Our hearts are heavy. Over the weekend, violent hate crimes ravaged communities in Buffalo, NY and Dallas, TX. In Buffalo, a white man opened fire and killed 10 people in a supermarket in a predominately Black neighborhood. He targeted this neighborhood in order to intentionally harm the Black community. In Dallas, police are investigating a series of shootings in Asian-run businesses. Please join us in remembering and honoring the victims and sending love and healing to these communities. Let us say the names and learn the stories of each community member lost.
Aaron Salter, Jr.
Katherine “Kat” Massey
Roberta A. Drury
Margus D. Morrison
These senseless deaths are a result of fear and ignorance, a fear that pervades corners of America. As the murderer explained in his writings, he travelled 200 miles to kill innocent Black Americans because of his belief in the “Great Replacement.” This conspiracy theory claims that white people are being intentionally replaced with people of color for economic and political gain. The origins of this theory can be traced to French nationalism in the early 1900s, later adopted and promoted by white supremacists. Today, we can hear the idea advanced in some public discourse.
This is fear grounded in racism, fear of being a minority in a nation that historically mistreats people in the minority.
We can fight fear through education. After all, hate is learned. I wrote those words three-and-a-half years ago after the murders of 11 people worshipping at the Tree of Life Synagogue in Pittsburgh, PA. I said them after the murder of George Floyd, Ahmaud Arbery, Breonna Taylor, Soon Chung Park, Hyun Jung Grant, Sun Cha Kim. These latest hate crimes are another reminder to look to the Anti-Defamation League’s Pyramid of Hate as proof that hate is not inevitable. At the very base of the pyramid are the behaviors stereotyping, making insensitive remarks, and fears of difference. If those behaviors are not squelched, if they are not prevented, if they are not addressed in our schools and communities, they can escalate into acts of bias, into violent acts like those we saw last weekend.
As educators, it is our responsibility to teach young people of all ages to recognize, respect, and celebrate our differences. It is also our charge to see, name, and talk about the richness in our difference. We can fight hate with an understanding of and appreciation for people different from ourselves.
Every single one of us, from the seat we are in and the skin we are in (especially our white brothers and sisters or those, like me, who have proximity to whiteness), is called to action to continue leveraging our platforms and spheres of control and influence to address this ugliness.
Indeed, education is our most powerful weapon against history repeating itself again and again and again.
Nancy B. Gutiérrez, Ed.L.D.
President & CEO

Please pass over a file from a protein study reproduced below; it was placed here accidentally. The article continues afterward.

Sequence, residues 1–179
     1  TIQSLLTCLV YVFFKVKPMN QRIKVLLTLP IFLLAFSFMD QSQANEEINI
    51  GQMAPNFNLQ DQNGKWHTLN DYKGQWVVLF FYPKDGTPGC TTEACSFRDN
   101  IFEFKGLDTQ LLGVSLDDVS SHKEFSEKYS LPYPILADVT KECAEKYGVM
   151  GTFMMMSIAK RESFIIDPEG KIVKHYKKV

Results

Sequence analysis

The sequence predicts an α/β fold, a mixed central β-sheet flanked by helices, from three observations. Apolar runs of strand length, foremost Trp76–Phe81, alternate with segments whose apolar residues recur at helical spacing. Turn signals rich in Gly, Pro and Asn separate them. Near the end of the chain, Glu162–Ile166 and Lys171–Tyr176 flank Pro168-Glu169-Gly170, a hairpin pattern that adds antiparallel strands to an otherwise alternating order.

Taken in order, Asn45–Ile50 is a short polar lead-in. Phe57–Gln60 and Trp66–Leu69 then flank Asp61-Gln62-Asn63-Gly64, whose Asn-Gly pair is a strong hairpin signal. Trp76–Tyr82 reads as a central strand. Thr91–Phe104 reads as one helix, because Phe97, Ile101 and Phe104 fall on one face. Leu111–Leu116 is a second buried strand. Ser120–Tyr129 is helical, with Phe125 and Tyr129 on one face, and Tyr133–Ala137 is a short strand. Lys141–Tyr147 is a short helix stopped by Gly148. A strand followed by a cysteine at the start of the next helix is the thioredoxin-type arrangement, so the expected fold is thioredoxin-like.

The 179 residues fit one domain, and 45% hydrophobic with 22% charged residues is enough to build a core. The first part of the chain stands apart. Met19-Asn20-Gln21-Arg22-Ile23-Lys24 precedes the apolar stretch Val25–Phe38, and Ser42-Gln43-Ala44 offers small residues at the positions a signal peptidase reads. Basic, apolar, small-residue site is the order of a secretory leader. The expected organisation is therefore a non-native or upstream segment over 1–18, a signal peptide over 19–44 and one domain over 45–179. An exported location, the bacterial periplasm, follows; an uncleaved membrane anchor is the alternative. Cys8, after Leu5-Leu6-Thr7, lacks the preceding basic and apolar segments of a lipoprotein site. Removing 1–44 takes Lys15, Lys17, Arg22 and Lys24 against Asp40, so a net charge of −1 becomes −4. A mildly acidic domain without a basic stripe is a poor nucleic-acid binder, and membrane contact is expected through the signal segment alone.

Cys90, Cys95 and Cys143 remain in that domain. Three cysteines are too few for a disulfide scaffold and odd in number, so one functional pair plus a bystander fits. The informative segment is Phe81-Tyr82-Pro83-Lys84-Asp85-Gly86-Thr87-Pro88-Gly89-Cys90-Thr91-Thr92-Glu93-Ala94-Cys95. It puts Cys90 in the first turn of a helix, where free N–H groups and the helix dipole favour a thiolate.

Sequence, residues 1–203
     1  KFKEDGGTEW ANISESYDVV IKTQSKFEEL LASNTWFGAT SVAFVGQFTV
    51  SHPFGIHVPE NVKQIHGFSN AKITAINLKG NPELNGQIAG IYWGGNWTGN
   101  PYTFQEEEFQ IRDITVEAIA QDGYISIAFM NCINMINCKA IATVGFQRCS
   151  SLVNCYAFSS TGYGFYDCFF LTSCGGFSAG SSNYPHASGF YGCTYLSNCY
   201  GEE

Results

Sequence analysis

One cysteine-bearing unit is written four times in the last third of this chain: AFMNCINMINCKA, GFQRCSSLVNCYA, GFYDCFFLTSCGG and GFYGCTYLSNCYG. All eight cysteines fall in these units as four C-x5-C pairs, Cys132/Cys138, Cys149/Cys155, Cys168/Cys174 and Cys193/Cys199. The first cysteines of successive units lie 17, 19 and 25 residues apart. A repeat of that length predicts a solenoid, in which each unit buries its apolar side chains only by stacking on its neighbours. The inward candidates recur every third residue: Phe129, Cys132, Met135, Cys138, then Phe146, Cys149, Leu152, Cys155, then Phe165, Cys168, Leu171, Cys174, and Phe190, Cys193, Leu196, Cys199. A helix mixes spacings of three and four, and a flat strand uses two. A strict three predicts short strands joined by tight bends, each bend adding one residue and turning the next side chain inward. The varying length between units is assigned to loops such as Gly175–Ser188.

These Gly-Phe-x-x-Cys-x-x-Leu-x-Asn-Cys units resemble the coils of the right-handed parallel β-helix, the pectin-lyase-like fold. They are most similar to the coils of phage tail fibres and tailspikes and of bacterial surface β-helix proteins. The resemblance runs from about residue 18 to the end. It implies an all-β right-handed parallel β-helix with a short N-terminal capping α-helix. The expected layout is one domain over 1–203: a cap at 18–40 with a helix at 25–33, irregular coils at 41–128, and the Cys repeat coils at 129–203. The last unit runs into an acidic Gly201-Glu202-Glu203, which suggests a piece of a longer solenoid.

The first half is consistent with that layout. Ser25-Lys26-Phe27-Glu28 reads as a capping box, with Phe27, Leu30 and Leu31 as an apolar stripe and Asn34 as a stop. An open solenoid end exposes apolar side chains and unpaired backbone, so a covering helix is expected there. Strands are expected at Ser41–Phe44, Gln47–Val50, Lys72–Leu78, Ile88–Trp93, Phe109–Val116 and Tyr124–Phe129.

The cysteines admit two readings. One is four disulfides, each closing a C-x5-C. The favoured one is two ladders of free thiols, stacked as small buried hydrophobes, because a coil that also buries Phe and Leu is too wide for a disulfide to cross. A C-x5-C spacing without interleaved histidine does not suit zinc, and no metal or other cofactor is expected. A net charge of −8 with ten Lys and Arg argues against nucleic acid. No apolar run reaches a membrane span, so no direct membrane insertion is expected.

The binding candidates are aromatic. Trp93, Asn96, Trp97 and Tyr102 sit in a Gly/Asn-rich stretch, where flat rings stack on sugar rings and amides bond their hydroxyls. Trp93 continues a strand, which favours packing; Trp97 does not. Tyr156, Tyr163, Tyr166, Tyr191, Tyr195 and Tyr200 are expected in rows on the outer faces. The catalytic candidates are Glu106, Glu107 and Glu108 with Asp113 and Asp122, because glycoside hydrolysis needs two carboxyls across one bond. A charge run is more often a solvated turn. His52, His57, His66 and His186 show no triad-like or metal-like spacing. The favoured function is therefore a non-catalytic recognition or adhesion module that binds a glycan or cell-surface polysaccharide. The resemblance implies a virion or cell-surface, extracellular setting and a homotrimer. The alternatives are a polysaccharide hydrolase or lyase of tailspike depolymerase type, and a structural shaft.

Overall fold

Dr. Nancy B. Gutiérrez is President & CEO of The Leadership Academy. Nancy joined The Leadership Academy in 2014 and has served as National Leadership Designer and Facilitator, Vice President of District Leadership, and Chief Strategy Officer. She was named President & CEO in July 2018 and continues to serve as an executive leadership coach and facilitator for school systems across the country. She was a Fall 2019 Pahara-Aspen Education Fellow, and in February 2020 was named among the 100 most powerful education leaders in New York by City & State New York. Nancy is a frequent keynote speaker for local and national education organizations and has authored numerous pieces on education leadership and equity for national publications including Education Week, Kappan, The74, and Hechinger Report. Nancy began her career as a teacher and principal in her home community of East San Jose, CA, where she was the founding principal of Renaissance Academy, the highest performing middle school in the district and a California Distinguished School. Nancy also led the successful effort to turn around the district’s lowest performing middle school. She was named the UC Davis Rising Star and Association of California School Administrator’s Region 8 Middle School Principal of the Year in 2010. Prior to her tenure with The Leadership Academy, Nancy launched a program for executive leadership advancement for the New York City Department of Education that led to superintendent certification. Nancy is a graduate of the inaugural cohort of the Harvard Graduate School of Education’s Doctor of Education Leadership (Ed.L.D.) program and is a graduate of the Association of Latino Administrators and Superintendents (ALAS) Aspiring Superintendents Academy. She served on the national board of the Coalition of Essential Schools for more than a decade. She is an instructor at NYU and frequently teaches at the Harvard Principals’ Center institutes for School Turnaround Leaders, Urban School Leaders, and Race, Equity, Access, and Leadership. Nancy is a member of the Board of Directors at The Hunt Institute, Brightbeam, and Education Leaders of Color (EdLoC) and serves on the Latinos for Education teaching team. Find Nancy on Twitter @nancybgutierrez or LinkedIn.